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Auckland Council pulls plug on historic Warkworth weir

Posted at 1:05pm Monday 16 Nov, 2020 | By James Addis editor@localmatters.co.nz

The Warkworth weir looking spectacular following heavy rains. Photo, Ian Anderson.
The Warkworth weir looking spectacular following heavy rains. Photo, Ian Anderson. 

Auckland Council will press ahead with controversial plans to remove the historic weir on the Mahurangi River.

And it says the time for further discussion is over, despite howls of protest from outraged locals, who insist the weir must stay.

Council's resolve was strengthened following the completion of a recently-released NIWA report, which reinforced its view that the weir restricts the passage of fish.

The report conceded that some climbing fish species could pass the weir, but went on to say that the structure largely obstructed non-climbing fish such as inanga – a species of whitebait.

The report stated that removal of the weir would have the best outcome in terms of restoring fish passage to natural conditions.

“The Bridgehouse weir is redundant and no longer serves any practical purpose, making it an excellent candidate for removal,” the report said.

The report said the installation of fish passes might be considered if removal was not an option, but passes in the river were largely prevented by “lack of space” and would require further investigation. It added that passes involved significant upfront and ongoing maintenance costs.

“On balance, weir removal appears to be the most practical and permanent solution for restoring fish passage at this site,” the report said.

It has revived a fiery debate. At a packed meeting in the Warkworth Town Hall in February last year Paul Decker, the manager of Warkworth-based whitebait farm Manaki, vigorously disputed Council's case for removal to hearty applause.

Mr Decker's views remain unchanged after reading the NIWA report, which he describes as full of misleading and inaccurate information and “not worth the paper it is written on”.

“The list of fish species that NIWA reports to be present within the Mahurangi River, above the weir, is so understated that it can only be assumed that the report was thrown together to make a fit with the weir's destruction agenda,” he says.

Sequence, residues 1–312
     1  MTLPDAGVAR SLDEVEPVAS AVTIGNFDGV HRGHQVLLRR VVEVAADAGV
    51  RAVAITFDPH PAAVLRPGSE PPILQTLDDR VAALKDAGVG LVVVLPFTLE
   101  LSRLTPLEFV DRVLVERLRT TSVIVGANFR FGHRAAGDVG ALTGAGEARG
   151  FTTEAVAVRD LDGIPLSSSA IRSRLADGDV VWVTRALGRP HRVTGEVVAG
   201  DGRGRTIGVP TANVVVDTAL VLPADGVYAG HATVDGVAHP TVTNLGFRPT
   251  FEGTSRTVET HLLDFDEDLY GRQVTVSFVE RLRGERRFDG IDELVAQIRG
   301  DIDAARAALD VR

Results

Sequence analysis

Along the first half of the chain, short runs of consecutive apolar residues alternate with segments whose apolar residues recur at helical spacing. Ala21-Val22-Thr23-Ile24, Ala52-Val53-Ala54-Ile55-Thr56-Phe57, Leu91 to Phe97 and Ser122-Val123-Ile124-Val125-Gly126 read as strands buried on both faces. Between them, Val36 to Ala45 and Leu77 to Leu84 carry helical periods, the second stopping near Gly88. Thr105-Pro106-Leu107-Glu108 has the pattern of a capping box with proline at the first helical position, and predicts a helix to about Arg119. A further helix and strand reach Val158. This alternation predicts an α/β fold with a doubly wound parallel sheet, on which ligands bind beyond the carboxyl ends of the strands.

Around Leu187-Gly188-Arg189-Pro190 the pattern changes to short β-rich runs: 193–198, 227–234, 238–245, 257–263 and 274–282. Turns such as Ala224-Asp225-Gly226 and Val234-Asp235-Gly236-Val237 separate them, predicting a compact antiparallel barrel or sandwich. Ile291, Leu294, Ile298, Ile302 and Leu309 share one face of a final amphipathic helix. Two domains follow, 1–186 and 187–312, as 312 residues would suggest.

Moreover, Mr Decker says the report totally ignores the fact that if the weir is removed it will allow for the establishment of redfin perch. He says the introduced perch have been implicated in the decline of many native fish species, including both inanga and smelt – the very species supposed to be saved by destruction of the weir. The perch already proliferate within the Warkworth cement-works lake, and during floods readily escape into the river.  

“However, as they currently can't swim any further up river than the weir, they die off as the saltwater levels return to that part of the river,” Mr Decker says.

Mr Decker says that removing the weir would not only be costly but would pose an environmental hazard, destroying a well-established environment that supports fish, freshwater mussels, invertebrates and an entire ecosystem.

He adds that if the weir is breached, 115 years of sediment “stinking in death” will wash down the river to kill even more habitats.   

Other notable voices saying the weir must stay include Bridgehouse bar and restaurant owners, Ian and Ramona Holt, local historian David Parker, and Peter Thompson, of the Mahurangi River Restoration Trust.

Ian and Ramona say the weir should be retained for aesthetic reasons and they are willing to pay for a fish pass if that means it can stay.  

“Imagine buying a house next to a river and all of a sudden somebody says we're going to turn this into a creek,” Mr Holt says.

“It will wind up being a stinking little mess.”

Mr Parker says the weir has huge historical significance for Warkworth – the original one was built in 1844 by the town's founder, John Anderson Brown, and was subsequently used to supply fresh water to several of the town's early industries, located on the riverbank.

“Its proposed demolition will not be accepted by the townspeople or its pioneering families,” he says.

Mr Thompson says a “huge number” of townspeople are mobilising to save the weir with some putting up funds to try to secure a heritage order, which would ensure the weir's protection.

Others were seeking a “robust discussion” with Council on the subject, saying that so far there had been no proper consultation.

Rodney Councillor Greg Sayers would also like Council to publicly consult on the report's findings.

“My concern is that Council is saying that due to cost it isn't promoting options such as a bypass channel, fish ramps or spat ropes, but these could be installed and potentially maintained by interested community groups,” he says.

But Council senior publicity officer Liz Kirschberg says there will be no further consultation with the community.

She says either Council's Healthy Waters or Environmental Services department will seek a Certificate of Compliance (CoC) to facilitate the weir's removal. But this is essentially a “rubber stamp” exercise. Once the CoC is issued, the only thing preventing removal of the weir is the budget to do it.

She says there is no budget in the 2020/2021 financial year, but it's possible money could be available in 2022.

Read the full NIWA report.

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